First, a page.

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The International Olympic Committee will decide Saturday on the host of the 2020 Summer Games. Istanbul, Madrid and Tokyo are vying for the honor.
As our reporters noted on Morning Edition, these are all world-class cities with strong selling points, but they also face some serious challenges.
NPR's Peter Kenyon reported this morning on some of the preparations in Istanbul, where there is optimism surrounding the games.
Turkey would be the first predominantly Muslim country to host the Olympics. But there are hurdles, too: "Violent crackdowns on street protests thrust Istanbul into the headlines this summer, and a doping scandal has rocked the country's sporting federation," Peter says.
And, he says, environmentalists and urban planners say the last thing Istanbul needs in more mega-projects.
Tokyo last hosted the games in 1964. Reporter Lucy Craft says the Olympics are a chance for Japan to show "it still matters."
Tokyo is one of the richest cities in the world, but the Japanese economy has barely recovered from nearly two decades of low growth. Lucy says:
"Saddled with a shrinking, graying population, living uncomfortably in the shadow of an ascendant China, Japan is anxious to prove it remains a contender. On the practical side, the Games were seen as a much-needed boost to tourism, for a country that is way off the beaten track and expensive to visit."
Reporter Lauren Frayer says Madrid's residents are excited at the prospect of winning the games – amid a recession that has hit the country particularly hard.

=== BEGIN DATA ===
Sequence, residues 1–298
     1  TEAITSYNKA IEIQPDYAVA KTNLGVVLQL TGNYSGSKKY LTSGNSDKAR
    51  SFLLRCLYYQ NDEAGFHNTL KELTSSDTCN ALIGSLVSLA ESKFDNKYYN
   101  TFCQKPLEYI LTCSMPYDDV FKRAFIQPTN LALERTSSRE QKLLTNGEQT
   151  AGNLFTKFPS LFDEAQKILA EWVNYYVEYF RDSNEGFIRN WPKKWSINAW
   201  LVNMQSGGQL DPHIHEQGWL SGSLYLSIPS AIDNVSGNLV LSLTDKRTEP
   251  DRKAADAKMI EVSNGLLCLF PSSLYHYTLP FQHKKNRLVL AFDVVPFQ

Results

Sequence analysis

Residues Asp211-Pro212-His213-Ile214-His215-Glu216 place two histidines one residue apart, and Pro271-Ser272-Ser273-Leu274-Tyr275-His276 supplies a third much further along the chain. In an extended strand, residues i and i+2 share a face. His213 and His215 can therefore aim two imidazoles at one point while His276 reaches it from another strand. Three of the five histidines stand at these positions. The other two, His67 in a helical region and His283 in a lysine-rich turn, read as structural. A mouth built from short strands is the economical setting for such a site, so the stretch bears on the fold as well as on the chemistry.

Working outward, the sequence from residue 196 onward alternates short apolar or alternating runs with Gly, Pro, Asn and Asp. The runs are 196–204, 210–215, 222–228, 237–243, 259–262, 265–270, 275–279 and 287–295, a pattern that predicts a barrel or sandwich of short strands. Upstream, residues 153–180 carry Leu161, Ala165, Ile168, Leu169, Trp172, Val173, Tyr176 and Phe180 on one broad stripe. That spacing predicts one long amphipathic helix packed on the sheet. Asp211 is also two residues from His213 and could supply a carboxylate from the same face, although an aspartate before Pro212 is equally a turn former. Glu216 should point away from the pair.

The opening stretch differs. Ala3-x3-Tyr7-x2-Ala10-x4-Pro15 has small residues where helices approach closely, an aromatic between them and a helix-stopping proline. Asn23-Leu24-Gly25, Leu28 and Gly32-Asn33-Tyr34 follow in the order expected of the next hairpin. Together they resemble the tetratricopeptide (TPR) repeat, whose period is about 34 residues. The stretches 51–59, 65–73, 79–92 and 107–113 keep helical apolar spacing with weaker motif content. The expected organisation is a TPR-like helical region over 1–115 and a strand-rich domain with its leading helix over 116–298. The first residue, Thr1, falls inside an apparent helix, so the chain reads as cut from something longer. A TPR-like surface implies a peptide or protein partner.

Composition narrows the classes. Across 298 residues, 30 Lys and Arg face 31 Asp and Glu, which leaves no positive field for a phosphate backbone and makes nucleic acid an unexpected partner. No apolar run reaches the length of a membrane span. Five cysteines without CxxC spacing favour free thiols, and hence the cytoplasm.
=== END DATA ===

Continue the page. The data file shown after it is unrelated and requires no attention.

The country's Olympics chief, Alejandro Blanco, says the games will jump-start Spain's economy. Lauren says:
"Madrid is littered with half-built stadia, housing and public parks left over from the construction boom-and-bust — which would be repurposed for the Olympics. Blanco says 80-percent of the infrastructure Madrid needs for the Games is already in place. So its bid comes in at around 3 billion dollars — one of the cheapest in Olympic history."
Spain last hosted the summer games in 1992, when they were held in Barcelona.
Is It Worth It?
The jury's out on whether mega-sporting events help an economy.
Writing in Quartz, Sidin Vadukut argues that major sporting events are bad for a country's economy. Citing a working paper from Oxford University's Said Business School, he noted every single Olympics in the past 50 years had overrun initial cost estimates by an average of 179 percent – yes, you read that correctly. (Though the British government says the 2012 games came in under budget).
"Instead of leaving a trail of broken economies and decrepit stadiums in its wake, why don't [soccer's governing body] and IOC simply do what so many other sporting bodies do: opt for permanent or semi-permanent venues," he wrote.
What do you think? Would you want you city to host a major international sporting event or build an arena with public financing? Let us know in the comments below.